Friday, October 26, 2012

Hello Brooklyn: Welcome to the Modified Mediocrity Treadmill

By Charlie Scaturro

Source: Alex Trautwig/Getty Images North America

With all due respect to Dwight Howard landing in LA (and engaging in an awkward yet entertaining pissing contest with Shaq), and LeBron’s quest for back-to-back titles, the biggest story in the NBA at the start of the 2012-13’ season as far as I’m concerned is the Nets landing in Brooklyn. By now we’ve all heard about the Barclays Center, Jay-Z’s involvement with the team, and their new logo/uniforms, but in just a couple of days this team will actually step on a basketball court and start playing meaningful games (so much for just selling trendy merchandise and enjoying the warm glow that accompanies being the first professional sports team in Brooklyn since the 1950’s).

All of the fanfare and hype that has surrounded the Nets move to Brooklyn up to this point will begin to matter less and less as we begin to focus on, you know, the actual product Billy King and Mikhail Prokhorov have put on the court.

With the hype building about their move to Brooklyn, and this team coming off an irrelevant 22-44 season, there was absolutely no way the Nets could give their franchise a facelift with the likes of DeShawn Stevenson, Gerald Green, Jordan Williams, Sundiata Gaines, and MarShon Brooks leading the way (yes, this is the actual starting five they trotted out for the last game of the 2011-12’ season). While Gerald Wallace, Deron Williams, and Kris Humphries were sitting out of the Nets finale in Jersey this past April with ailments like “sore right calves,” and “bruised right toes,” the front office was planning to make a splash to ensure they were relevant when they made the move to Brooklyn.

Rightfully not wanting to move into their new digs with DeShawn Stevenson being the most recognizable player in their starting five, which would be akin to wearing sweatpants to a black tie event, the Nets went on a spending spree.

- They locked up Deron Williams for five years and roughly $100 million, ensuring that the trade which brought him to the Nets wasn’t a complete waste of resources and tradable assets.

- They traded for the last four years and $89 million left on Joe Johnson’s “I can’t believe the Hawks gave him that much money” contract so Williams would have another playmaker in the lineup.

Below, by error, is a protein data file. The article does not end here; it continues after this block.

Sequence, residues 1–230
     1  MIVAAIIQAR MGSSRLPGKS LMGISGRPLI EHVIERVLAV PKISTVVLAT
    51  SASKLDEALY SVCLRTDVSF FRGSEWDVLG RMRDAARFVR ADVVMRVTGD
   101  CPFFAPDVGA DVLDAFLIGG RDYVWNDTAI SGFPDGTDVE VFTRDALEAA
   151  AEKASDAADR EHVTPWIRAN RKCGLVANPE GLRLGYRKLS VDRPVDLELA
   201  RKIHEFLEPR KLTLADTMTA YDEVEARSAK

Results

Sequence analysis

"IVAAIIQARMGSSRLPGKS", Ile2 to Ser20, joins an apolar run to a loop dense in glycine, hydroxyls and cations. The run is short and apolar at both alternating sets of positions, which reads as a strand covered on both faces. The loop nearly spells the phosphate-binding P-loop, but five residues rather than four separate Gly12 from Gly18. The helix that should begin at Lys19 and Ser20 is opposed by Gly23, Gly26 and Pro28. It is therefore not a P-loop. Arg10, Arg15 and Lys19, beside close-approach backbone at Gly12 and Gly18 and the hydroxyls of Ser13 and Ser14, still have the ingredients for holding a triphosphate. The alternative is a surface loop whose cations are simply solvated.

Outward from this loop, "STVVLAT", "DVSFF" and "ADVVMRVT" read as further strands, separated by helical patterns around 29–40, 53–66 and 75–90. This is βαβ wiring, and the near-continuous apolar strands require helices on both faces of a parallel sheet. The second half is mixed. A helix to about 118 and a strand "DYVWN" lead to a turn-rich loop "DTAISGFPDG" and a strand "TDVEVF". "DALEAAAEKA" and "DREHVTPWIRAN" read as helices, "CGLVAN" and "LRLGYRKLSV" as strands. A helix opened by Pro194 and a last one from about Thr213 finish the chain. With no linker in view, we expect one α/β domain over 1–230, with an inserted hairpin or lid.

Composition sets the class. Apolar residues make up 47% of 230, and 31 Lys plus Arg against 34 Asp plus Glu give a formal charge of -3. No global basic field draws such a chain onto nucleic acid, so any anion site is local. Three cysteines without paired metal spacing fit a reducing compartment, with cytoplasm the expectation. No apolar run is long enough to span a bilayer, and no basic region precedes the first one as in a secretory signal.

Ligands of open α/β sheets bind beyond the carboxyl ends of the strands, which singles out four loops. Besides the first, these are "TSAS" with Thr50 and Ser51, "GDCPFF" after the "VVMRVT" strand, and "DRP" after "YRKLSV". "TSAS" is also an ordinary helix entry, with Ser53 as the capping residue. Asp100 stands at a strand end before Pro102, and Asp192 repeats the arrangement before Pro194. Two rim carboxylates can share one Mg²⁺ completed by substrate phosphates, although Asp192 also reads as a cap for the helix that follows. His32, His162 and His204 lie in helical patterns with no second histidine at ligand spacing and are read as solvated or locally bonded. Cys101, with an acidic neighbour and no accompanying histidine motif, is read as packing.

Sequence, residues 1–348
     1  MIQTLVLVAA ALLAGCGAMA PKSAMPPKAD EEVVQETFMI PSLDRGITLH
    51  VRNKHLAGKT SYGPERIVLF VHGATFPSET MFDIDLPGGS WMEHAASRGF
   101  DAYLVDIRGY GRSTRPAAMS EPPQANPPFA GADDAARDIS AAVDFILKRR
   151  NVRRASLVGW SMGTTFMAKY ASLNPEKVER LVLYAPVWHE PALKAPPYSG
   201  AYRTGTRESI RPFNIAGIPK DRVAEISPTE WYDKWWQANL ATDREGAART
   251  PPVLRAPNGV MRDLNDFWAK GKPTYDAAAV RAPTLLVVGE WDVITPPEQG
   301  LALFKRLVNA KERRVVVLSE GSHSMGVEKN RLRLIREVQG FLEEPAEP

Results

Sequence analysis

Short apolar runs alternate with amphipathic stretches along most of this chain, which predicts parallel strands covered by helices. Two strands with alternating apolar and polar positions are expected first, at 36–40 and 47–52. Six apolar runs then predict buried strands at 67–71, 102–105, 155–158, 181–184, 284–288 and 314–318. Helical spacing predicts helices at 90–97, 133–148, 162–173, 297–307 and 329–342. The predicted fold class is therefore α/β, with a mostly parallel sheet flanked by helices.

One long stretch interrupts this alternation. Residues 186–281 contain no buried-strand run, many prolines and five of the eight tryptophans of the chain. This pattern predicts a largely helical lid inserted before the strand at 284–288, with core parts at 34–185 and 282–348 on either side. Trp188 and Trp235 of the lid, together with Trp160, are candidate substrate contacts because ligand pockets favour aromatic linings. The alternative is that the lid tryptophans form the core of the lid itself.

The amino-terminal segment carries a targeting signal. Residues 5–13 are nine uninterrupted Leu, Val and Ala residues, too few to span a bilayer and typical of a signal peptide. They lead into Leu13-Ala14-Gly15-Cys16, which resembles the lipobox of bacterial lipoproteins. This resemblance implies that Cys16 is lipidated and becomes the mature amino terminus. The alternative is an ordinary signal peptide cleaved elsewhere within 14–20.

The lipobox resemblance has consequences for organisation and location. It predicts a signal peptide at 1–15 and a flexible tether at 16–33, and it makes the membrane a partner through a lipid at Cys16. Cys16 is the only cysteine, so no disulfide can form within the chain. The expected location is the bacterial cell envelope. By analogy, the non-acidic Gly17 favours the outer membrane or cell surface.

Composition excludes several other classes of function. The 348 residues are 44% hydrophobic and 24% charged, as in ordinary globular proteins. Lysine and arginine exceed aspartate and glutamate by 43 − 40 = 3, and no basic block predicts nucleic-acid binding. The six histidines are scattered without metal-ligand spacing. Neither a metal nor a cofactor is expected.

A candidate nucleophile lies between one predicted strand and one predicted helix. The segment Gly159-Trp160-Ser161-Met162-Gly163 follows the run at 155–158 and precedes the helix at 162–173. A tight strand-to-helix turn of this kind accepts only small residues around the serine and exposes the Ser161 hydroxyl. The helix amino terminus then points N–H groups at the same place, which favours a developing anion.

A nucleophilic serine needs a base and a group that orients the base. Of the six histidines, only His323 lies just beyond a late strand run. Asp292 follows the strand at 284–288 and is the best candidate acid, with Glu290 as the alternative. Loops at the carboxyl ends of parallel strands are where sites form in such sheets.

- They gave Gerald Wallace a four-year, $40 million extension, which at the very least pacified fans who groaned when the Nets gave up a lottery pick in a stacked draft to acquire Wallace.

- They re-signed Brook Lopez to a four-year, $60 million deal to give the team a credible inside scoring threat (even if he’s 7’0’’ and averaged 5.9 rebounds and 1.5 blocks per game his last full season in the NBA).

- They re-signed Kris Humphries to a two-year $24 million deal because…well, they needed a guy who could rebound…

Source: Alex Trautwig/Getty Images North America
In total, the Nets spent over $300 million dollars on five players so this team would be relevant and exciting when they officially opened the doors to the Barclays Center on November 1st. And there’s little doubt that this front office had to do this as they prepared for their grand entrance to Brooklyn. Maybe they didn’t go so far as to screen their phone calls a la George Costanza, but the Nets essentially hamstrung their future cap flexibility to put a playoff team on the court right now.

And the Nets should be just that for the next few seasons. Williams is one of the best players in the NBA. Joe Johnson, although he gets a lot of grief about not being worth the massive contract he signed a few years ago, is still a very good wing. Gerald Wallace gives the Nets a tough, defensive presence who can guard multiple positions. And Lopez, for all his perceived flaws, is a pretty damn good center in a league that’s starved for talented bigs at the moment. Especially in the Eastern Conference, these four players and a decent supporting cast make the Nets a good team, but I can’t help but look at the Nets as they’re currently constructed and think that they’re an example of the “modified mediocrity treadmill”.